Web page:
The Justice Department announced today that it has intervened in a whistleblower lawsuit accusing Sikorsky Aircraft Corporation and subsidiaries Sikorsky Support Services Inc. and Derco Aerospace Inc. of overcharging the U.S. Navy on aircraft maintenance costs by using an illegal subcontract.
The lawsuit claims that Sikorsky approved an illegal subcontract called a “cost-plus-a-percentage” contract in which compensation is based on the cost of performing a service plus a percentage. These contracts are prohibited because the cost associated with the contract is unknown in advance and contractors don’t have any incentive to control costs. According to the Milwaukee Journal-Sentinel, the cost-plus-a-percentage contract caused the Navy to pay nearly $50 million in false billings for parts and materials used to maintain Navy aircraft.
The complaint was initially filed by whistleblower Mary J. Patzer, a former employee with Derco. Patzer started with the company as a financial analyst in 2002. By the time her tenure at the company ended in 2010, she was the point of contact for Derco’s defense contract audits. In her lawsuit, Patzer says she was fired shortly after reporting the alleged markups to a supervisor. The company’s reasoning for firing her: a “reduction in force.” She felt that filing her whistleblower complaint and holding her former employer accountable was simply the right thing to do.
If her case is successful, Patzer will be entitled to a whistleblower reward between 15 and 25 percent of any money the government recovers.
Organon, a pharmaceutical company with assets now owned by Merck, has agreed to pay $34 million to settle false claims allegations filed by two whistleblowers. The settlement resolves claims that Organon promoted the off label use of antidepressants, provided improper financial incentives to “nursing home pharmacy companies” and made misstatements about drug pricing which caused New York’s Medicaid program to overpay for drugs.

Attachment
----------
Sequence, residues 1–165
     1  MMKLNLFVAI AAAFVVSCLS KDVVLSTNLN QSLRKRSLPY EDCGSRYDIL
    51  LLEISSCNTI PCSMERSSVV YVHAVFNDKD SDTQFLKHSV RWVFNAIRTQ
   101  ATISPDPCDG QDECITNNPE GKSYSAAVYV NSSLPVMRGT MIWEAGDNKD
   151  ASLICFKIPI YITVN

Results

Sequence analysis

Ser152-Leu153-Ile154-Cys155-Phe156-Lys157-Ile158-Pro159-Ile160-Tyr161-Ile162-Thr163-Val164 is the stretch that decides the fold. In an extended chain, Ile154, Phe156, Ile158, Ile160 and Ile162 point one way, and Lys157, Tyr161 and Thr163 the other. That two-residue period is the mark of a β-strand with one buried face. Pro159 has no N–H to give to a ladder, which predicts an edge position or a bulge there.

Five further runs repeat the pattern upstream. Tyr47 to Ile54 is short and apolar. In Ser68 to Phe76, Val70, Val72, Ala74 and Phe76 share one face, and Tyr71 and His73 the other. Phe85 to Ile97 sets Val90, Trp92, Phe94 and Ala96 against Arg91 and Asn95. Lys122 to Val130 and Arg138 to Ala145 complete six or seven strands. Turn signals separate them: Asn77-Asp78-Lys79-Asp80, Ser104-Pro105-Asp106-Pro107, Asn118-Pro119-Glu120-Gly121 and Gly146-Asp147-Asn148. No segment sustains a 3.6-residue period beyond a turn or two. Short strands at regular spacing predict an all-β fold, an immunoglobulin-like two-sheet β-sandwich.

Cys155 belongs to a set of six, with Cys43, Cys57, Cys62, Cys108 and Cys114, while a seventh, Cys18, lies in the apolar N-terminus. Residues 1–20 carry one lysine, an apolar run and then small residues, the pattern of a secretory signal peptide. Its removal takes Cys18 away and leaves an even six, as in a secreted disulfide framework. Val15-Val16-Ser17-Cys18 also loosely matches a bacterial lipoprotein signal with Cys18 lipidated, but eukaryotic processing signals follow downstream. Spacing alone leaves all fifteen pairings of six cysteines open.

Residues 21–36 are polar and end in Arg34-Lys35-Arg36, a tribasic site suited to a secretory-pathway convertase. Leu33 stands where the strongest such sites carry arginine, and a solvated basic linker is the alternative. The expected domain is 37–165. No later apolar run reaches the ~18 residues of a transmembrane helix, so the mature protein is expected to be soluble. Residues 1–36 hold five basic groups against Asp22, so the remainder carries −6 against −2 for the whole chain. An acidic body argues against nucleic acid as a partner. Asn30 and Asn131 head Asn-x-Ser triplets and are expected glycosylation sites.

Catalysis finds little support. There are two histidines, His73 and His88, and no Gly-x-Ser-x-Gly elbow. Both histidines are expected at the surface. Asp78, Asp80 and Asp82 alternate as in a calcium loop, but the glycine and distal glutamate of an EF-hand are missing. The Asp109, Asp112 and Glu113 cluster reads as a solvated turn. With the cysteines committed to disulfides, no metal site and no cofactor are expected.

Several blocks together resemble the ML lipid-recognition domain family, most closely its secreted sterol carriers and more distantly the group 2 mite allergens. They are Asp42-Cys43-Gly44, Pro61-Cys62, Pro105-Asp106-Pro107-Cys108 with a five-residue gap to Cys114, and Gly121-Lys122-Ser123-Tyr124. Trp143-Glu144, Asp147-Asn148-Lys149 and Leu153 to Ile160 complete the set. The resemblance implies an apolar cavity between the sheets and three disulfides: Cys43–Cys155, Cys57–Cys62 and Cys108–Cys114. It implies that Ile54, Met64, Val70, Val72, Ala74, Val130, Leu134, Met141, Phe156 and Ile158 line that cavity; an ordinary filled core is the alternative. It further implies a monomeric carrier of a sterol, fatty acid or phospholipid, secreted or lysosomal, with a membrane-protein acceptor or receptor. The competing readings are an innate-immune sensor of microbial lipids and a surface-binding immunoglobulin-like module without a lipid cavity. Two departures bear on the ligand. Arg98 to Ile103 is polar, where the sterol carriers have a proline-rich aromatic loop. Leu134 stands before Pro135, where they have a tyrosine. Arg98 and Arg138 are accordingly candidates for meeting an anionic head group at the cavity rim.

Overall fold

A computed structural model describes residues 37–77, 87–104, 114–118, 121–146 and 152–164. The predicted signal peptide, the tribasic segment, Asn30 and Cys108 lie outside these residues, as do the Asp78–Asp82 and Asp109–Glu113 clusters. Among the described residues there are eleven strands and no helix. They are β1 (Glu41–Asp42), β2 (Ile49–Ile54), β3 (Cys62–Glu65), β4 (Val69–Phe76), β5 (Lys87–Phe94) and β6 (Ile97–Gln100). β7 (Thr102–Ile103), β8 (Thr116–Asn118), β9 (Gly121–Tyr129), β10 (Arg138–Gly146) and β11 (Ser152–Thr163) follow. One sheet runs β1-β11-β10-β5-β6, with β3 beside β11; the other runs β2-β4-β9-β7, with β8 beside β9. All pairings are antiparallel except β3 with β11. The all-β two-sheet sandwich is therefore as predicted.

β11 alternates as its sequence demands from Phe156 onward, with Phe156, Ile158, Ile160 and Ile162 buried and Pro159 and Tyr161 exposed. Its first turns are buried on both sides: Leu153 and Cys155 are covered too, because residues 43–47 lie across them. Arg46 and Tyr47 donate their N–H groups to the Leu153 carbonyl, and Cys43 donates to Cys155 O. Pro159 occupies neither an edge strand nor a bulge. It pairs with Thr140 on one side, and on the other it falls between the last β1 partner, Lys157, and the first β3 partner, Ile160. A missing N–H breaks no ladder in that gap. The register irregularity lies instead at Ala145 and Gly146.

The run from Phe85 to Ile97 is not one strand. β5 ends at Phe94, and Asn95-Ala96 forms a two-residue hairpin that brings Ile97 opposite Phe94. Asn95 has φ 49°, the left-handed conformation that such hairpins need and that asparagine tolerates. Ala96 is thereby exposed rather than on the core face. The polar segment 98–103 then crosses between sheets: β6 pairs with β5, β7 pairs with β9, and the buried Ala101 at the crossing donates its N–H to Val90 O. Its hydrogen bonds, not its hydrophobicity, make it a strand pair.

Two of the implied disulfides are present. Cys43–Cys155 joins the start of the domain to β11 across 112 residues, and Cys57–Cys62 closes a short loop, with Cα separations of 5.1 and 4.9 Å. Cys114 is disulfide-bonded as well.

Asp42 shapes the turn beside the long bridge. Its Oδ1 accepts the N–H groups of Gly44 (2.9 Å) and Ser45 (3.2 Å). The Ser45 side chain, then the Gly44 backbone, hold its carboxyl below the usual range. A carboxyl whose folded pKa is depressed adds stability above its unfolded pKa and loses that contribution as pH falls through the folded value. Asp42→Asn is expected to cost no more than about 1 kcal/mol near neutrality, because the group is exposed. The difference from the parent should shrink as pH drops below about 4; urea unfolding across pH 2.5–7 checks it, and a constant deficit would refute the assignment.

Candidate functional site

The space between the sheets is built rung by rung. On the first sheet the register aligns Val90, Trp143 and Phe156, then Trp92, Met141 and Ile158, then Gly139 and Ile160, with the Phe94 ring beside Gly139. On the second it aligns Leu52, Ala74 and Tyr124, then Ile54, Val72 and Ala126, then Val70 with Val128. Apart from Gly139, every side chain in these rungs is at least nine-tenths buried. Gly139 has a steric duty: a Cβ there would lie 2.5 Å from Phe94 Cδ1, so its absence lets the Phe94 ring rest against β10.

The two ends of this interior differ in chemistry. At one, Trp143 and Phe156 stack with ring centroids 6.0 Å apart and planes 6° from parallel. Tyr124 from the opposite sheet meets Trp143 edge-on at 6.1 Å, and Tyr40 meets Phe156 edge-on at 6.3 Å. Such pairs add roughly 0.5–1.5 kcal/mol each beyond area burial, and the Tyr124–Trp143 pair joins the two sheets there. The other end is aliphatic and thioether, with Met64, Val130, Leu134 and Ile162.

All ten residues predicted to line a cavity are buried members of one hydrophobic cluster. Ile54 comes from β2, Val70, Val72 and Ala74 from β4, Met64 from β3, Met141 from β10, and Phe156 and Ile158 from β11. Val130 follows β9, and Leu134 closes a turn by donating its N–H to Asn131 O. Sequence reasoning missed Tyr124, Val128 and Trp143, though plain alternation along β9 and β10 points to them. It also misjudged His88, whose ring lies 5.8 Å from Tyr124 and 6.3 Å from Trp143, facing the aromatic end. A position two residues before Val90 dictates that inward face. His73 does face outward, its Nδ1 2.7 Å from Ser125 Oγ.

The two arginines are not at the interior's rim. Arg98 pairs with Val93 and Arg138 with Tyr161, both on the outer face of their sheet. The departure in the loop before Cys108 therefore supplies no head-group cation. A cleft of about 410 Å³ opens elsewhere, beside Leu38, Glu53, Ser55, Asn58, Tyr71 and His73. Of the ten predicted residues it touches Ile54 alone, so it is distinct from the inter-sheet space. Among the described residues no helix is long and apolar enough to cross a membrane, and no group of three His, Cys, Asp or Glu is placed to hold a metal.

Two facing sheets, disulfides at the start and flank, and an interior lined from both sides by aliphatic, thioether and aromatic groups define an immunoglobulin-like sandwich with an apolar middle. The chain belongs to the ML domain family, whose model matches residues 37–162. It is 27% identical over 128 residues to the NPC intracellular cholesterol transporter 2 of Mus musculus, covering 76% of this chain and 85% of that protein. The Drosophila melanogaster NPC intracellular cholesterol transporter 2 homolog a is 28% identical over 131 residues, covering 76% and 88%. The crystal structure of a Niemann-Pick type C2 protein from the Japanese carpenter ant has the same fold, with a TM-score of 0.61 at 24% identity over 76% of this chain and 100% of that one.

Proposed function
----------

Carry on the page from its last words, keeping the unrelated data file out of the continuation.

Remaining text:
The settlement resolves four different claims:
- Organon allegedly promoted Remeron and Remeron SolTab – both antidepressants – for uses not specifically approved by the Food and Drug Administration (FDA). According to the Corporate Crime Reporter, Organon marketed the side effects of both drugs as benefits. According to the lawsuits, the company even marketed the drugs to minors.
- The lawsuits claim that Organon provided discounts and rebates to “nursing pharmacy companies” to entice them to prescribe Remeron and Remeron SolTab over other antidepressants.
- Medicaid requires that drug makers provide the government with the best possible price available for a given drug. The lawsuits claim that Organon failed to include discounts and rebates the company was offering to other customers, which resulted in New York’s Medicaid program overpaying for drugs.
- Organon allegedly used the inflated drug costs paid by the government to offset the discounts the company was offering nursing home pharmacy companies.
The whistleblower claims were filed in U.S. District Court for the Southern District of Texas and U.S. District Court for the District of Massachusetts. The allegations were made before Merck acquired Organon. Merck did not admit to any wrongdoing per the terms of the settlement.